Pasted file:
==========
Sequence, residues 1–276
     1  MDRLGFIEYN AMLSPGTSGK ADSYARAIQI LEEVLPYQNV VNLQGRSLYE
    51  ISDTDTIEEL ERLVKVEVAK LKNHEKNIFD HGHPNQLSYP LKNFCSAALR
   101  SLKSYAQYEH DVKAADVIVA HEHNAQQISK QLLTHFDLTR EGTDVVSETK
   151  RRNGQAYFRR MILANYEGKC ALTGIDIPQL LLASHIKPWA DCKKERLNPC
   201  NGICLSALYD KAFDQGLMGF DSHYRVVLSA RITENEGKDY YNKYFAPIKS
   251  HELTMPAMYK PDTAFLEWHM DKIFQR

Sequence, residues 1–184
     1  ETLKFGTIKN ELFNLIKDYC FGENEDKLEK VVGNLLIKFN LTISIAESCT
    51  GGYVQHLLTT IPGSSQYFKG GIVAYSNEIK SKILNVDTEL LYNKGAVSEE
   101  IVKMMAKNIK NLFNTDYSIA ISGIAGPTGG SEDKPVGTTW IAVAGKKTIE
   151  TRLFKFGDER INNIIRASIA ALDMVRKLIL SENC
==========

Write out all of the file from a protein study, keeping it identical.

Sequence, residues 1–276
     1  MDRLGFIEYN AMLSPGTSGK ADSYARAIQI LEEVLPYQNV VNLQGRSLYE
    51  ISDTDTIEEL ERLVKVEVAK LKNHEKNIFD HGHPNQLSYP LKNFCSAALR
   101  SLKSYAQYEH DVKAADVIVA HEHNAQQISK QLLTHFDLTR EGTDVVSETK
   151  RRNGQAYFRR MILANYEGKC ALTGIDIPQL LLASHIKPWA DCKKERLNPC
   201  NGICLSALYD KAFDQGLMGF DSHYRVVLSA RITENEGKDY YNKYFAPIKS
   251  HELTMPAMYK PDTAFLEWHM DKIFQR

Sequence, residues 1–184
     1  ETLKFGTIKN ELFNLIKDYC FGENEDKLEK VVGNLLIKFN LTISIAESCT
    51  GGYVQHLLTT IPGSSQYFKG GIVAYSNEIK SKILNVDTEL LYNKGAVSEE
   101  IVKMMAKNIK NLFNTDYSIA ISGIAGPTGG SEDKPVGTTW IAVAGKKTIE
   151  TRLFKFGDER INNIIRASIA ALDMVRKLIL SENC